It also tweaked some of Armentrout’s supporters, who thought the weaponry sent the wrong message, considering the violence that had unfolded in Charlottesville just three days prior. He admitted he almost left the rifle in the trunk of his car.

But with “all this hating on the ARs,” he opted to prove that the maligned gun can be used in a peaceful way and as a deterrent to harm and criminality. “Every time an AR-15’s been put on the news, it’s ‘Oh, it’s killed somebody.’ This time, it’s not going to be that way.”

“People nowadays do not value life,” he added. “How hard do you think it’d be to kill a kid with a Confederate flag at a controversial monument? It’d be nothin’.”

When in the Conflict of Life

Like a soldier preparing for battle, Armentrout played bagpipe military music through his Bluetooth headset when setting out for Lee Park, the now contentious site where the Confederate general’s monument has been standing since 1924. He geared up and started the trek from his car, which was positioned about a mile away for security measures.

En route, a man brandished a weapon and made veiled threats, and a few cops approached him. Undeterred, Armentrout steadfastly marched onward, weapons visible and flag flying high. Such are the battle lines in this 4th-generation war and Lee Park was the beachhead.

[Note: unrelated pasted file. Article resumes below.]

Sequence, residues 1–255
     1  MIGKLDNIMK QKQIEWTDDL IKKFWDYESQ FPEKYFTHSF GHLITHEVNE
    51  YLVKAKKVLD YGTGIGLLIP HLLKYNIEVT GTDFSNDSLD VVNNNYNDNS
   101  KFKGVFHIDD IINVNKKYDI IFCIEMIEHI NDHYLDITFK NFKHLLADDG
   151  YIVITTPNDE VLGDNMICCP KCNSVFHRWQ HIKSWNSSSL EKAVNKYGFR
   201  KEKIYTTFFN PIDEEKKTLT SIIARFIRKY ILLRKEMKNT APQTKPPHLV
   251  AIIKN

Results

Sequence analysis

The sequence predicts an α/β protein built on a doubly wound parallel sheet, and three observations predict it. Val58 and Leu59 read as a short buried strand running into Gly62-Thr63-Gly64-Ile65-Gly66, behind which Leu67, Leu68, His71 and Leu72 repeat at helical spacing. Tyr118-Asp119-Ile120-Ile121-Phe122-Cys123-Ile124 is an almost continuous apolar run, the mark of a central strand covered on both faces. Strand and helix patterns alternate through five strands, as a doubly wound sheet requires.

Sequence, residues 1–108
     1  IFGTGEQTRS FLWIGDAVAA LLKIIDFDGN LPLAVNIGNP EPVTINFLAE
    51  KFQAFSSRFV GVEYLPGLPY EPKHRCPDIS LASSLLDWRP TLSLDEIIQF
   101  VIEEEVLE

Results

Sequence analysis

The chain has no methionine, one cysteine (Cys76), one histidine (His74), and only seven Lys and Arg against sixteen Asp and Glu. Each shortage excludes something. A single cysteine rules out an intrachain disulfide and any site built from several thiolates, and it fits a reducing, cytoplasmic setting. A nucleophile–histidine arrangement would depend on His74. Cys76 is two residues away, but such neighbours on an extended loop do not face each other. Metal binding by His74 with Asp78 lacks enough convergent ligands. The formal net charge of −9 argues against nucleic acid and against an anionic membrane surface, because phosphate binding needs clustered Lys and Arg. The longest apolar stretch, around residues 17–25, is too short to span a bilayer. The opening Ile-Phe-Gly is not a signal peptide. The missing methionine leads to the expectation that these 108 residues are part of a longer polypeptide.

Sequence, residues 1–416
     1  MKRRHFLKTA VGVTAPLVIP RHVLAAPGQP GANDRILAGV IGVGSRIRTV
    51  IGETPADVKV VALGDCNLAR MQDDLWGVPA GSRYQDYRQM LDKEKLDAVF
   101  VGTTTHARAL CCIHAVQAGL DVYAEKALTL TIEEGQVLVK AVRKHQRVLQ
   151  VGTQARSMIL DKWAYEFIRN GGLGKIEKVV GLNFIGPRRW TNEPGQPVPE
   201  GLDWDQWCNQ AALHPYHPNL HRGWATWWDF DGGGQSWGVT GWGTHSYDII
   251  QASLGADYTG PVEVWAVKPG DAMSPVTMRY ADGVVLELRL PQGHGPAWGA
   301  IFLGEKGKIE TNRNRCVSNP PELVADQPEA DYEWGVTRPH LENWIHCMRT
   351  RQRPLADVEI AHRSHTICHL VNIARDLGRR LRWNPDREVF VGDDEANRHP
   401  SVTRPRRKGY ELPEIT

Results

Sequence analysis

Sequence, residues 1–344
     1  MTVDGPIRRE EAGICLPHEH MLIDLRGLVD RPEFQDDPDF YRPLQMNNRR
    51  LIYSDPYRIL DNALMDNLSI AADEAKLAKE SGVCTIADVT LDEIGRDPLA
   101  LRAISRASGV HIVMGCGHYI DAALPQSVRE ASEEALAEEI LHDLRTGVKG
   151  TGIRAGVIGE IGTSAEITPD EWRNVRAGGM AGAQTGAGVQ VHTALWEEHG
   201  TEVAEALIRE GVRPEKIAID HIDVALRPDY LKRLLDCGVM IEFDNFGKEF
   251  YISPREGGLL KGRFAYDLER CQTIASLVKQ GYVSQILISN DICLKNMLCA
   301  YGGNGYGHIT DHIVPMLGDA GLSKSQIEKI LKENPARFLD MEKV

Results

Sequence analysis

Back in June, the politically correct Charlottesville City Council had voted unanimously to change the park’s name to Emancipation Park, and in February, voted to remove Lee’s statue. (The statue still remains due to state law.) But the progressives who’ve colonized this once charming town have deemed the statue contemptuous and demand that it must go.

This kind of puritanical purge of all things Southern is one of the many reasons the Unite the Right (UTR) rally had even taken place in the city the previous weekend. The 26-feet-high bronze sculpture simply came to represent resistance to the leftist status quo because the Charlottesville barbarians made it so.